There’s no better time for Muslims to gather with their loved ones than on Idul Fitri, or Lebaran.
Every year, millions of Indonesians journey back to their hometowns to celebrate the biggest Muslim holiday with their families, some of whom they may not have seen for months or even years.
But this year, it will be a little different.
The COVID-19 outbreak and attendant restrictions are keeping people at home and away from any large gatherings to flatten the curve of infection. Both regular and seasonal businesses are also feeling the crunch.
However, the show must go on for some people.
Many traders are flouting the large-scale social restrictions (PSBB), along with hundreds of shoppers who are flocking to markets for last-minute Idul Fitri shopping to buy food and new clothes as tradition dictates.
On the mudik (exodus) front, people are using whatever means possible to surreptitiously travel back to their hometowns in blatant disregard of emergency health protocols, including the mudik ban.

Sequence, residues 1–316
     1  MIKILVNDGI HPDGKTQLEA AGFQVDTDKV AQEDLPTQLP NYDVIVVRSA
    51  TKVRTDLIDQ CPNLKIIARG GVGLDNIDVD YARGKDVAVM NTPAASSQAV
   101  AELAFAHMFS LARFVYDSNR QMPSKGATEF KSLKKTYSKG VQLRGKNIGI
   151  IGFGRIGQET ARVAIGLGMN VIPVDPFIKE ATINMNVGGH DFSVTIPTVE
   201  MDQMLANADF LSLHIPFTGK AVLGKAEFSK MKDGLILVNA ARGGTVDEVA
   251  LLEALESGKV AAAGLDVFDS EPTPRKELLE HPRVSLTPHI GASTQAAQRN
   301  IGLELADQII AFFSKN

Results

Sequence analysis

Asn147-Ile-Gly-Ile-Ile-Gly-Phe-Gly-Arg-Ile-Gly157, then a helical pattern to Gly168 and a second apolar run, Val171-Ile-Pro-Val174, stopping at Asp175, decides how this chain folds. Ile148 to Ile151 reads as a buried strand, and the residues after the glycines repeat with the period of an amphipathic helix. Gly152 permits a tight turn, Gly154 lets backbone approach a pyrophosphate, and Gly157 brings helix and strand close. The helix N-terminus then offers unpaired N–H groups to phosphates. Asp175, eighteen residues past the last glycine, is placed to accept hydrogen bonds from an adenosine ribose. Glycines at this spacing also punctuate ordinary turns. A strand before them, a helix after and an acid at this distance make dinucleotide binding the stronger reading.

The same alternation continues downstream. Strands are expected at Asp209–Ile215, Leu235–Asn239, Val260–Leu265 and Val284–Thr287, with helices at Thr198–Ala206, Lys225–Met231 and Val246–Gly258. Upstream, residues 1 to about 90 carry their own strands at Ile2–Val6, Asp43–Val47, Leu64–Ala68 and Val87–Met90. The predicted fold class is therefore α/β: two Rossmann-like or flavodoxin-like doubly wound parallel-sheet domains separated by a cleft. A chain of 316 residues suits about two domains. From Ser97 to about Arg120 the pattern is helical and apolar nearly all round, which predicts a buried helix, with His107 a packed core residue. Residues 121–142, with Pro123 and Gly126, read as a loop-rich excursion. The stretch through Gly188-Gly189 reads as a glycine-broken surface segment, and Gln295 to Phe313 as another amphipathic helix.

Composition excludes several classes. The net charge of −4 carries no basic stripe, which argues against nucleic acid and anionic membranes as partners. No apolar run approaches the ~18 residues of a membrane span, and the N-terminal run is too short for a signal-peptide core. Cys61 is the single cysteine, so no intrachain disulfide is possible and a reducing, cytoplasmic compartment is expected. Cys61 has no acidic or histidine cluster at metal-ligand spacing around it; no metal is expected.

Going on mudik this year might even spread the COVID-19 virus farther afield, especially since people who carry the virus are not always symptomatic. The daily tally of infections has seen a spike in the last couple of days, despite the social restrictions that have been in place for almost two months.
The concerned public really cannot expect much from each other, though, when their leaders issue ambiguous messages and policies that are sometimes contradictory. All they can do for now is hope – and pray, as the health minister once boasted as a reason for why the pandemic had not arrived on Indonesian shores.
That premature statement – like Idul Fitri of years past that involved family reunions filled with hugging and congregational prayers at mosques on the first morning of the holiday – seems like something that occurred in an alternate reality.